For years, leaders and aspiring leaders have been told that the way to become a better leader is to accumulate a certain amount of “leadership” skills. Unfortunately, that is not how the top academic organizational leadership programs have approached teaching leadership for decades. It is taught as a leadership improvement journey where aspiring leaders discover themselves as they develop their personal leadership philosophy and are provided ongoing mentoring throughout the program. The Healthcare Center of Excellence (HCOE) sought to apply a similar approach using tools to measure leadership improvement over time and produce results.
In an ongoing leadership development training program, the HCOE conducted 3 cohorts of the Professional Leadership Training (PLT) program at Norwegian American Hospital, a 200-bed, acute care facility on the northside of Chicago. The second cohort included leaders who reported directly or indirectly to the organization’s C-Level and other top executives to the leaders, who participated in the first cohort. The second cohort was the largest and the one which yielded the most data to analyze, which is the subject of this case study.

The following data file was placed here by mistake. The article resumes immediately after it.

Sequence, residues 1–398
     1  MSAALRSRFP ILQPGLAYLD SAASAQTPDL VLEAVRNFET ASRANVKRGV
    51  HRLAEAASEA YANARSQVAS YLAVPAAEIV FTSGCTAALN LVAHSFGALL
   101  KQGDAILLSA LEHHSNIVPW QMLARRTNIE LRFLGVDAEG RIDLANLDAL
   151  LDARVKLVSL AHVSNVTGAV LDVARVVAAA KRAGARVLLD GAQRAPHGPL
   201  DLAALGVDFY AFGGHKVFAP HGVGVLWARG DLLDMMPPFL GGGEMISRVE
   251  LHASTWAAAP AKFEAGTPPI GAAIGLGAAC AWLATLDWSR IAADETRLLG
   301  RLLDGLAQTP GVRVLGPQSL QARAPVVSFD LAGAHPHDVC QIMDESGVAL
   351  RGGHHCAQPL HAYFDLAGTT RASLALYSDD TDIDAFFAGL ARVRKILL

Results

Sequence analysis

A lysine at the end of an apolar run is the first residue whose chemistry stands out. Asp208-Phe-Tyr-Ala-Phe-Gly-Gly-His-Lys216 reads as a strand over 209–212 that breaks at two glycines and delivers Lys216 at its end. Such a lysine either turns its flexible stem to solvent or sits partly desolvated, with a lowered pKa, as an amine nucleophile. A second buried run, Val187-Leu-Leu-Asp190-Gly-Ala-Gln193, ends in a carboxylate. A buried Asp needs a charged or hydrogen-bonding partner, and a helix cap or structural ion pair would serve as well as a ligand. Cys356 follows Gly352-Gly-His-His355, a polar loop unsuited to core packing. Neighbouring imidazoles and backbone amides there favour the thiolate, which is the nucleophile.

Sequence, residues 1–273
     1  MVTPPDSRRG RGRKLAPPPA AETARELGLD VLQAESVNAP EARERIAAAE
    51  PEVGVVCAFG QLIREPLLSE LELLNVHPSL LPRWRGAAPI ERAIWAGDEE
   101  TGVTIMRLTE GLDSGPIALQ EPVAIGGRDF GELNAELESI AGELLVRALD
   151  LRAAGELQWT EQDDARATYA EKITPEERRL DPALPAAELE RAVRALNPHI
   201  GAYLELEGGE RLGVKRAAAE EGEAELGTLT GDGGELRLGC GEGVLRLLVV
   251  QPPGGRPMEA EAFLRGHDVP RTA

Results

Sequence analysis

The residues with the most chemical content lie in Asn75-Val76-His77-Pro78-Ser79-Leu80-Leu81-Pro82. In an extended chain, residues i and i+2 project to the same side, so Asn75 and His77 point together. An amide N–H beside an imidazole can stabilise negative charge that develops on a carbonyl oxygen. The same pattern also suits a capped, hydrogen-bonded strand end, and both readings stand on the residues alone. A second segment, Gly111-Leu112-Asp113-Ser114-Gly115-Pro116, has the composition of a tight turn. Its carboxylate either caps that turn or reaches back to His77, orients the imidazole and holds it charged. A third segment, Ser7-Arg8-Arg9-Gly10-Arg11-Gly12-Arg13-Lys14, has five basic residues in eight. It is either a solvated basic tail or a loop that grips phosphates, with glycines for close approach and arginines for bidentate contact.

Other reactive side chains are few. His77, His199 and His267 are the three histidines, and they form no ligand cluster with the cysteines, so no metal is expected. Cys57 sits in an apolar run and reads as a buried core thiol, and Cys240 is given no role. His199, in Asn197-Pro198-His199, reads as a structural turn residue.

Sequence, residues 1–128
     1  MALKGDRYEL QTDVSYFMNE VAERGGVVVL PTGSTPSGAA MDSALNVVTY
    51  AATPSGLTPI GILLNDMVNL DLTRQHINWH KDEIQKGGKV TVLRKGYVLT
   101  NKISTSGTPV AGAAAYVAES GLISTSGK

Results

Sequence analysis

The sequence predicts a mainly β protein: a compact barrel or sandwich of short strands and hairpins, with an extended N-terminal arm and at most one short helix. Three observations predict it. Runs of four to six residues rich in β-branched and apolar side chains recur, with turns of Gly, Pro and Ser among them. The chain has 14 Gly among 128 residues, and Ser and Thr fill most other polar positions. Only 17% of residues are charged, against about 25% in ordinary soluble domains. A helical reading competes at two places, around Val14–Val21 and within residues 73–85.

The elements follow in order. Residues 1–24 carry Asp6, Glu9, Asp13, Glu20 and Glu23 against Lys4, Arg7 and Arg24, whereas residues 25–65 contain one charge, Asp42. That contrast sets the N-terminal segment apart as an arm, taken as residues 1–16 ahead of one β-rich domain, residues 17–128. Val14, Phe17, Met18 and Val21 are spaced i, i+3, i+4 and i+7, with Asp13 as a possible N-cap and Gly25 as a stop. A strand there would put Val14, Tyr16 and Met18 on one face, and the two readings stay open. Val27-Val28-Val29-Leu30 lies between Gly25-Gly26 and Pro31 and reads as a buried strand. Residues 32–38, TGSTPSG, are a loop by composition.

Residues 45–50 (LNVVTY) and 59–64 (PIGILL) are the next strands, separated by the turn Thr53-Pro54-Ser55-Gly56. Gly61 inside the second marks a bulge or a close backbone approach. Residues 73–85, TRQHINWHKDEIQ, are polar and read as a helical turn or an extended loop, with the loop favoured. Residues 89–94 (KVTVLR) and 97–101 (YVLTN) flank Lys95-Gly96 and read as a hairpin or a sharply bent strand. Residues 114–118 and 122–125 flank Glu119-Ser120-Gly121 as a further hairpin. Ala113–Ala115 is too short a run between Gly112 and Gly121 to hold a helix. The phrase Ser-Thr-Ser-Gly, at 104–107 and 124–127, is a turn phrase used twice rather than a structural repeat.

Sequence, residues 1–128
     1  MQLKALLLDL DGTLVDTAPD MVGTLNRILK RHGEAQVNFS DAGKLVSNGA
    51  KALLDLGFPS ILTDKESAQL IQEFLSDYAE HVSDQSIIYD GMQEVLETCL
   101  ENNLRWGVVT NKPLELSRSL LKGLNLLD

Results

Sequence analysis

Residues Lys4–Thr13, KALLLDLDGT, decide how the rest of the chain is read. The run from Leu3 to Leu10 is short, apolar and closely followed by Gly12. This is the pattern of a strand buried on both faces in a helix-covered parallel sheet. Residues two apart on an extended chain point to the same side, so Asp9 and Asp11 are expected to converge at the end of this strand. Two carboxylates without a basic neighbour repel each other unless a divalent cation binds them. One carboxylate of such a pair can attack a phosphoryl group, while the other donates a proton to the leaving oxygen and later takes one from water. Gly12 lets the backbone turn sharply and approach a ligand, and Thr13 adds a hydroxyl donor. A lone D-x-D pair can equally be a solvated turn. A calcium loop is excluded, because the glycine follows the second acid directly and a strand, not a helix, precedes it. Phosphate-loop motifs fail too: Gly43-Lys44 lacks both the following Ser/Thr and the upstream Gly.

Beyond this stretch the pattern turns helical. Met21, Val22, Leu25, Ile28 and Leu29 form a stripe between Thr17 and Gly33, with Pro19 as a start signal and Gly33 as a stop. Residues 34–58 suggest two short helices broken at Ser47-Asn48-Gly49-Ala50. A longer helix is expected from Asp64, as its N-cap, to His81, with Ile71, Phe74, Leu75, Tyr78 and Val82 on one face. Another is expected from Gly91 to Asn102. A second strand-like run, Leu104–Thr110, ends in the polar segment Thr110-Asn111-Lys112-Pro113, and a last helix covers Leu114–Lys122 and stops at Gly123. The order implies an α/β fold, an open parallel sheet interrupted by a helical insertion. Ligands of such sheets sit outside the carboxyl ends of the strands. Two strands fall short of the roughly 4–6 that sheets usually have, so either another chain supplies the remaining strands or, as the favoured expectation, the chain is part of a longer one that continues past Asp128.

The proprietary Leadership Impact Survey (LIS) was used to quantify and monitor the results of the leadership improvement training, with the survey taken before the course and at 3-month, 6-month and 12-month increments after the course completion. When analyzing results from the pre-course survey to the 3-months post-course survey responses, the cohort realized leadership improvement from 3% to 22% across all 9 dimensions measured, with an average improvement of 10% and median of 8%.
Based on these results, it can be concluded that Professional Leadership Training is an effective program for improving leadership throughout an organization and can provide measurable results for an organization to track leadership improvement.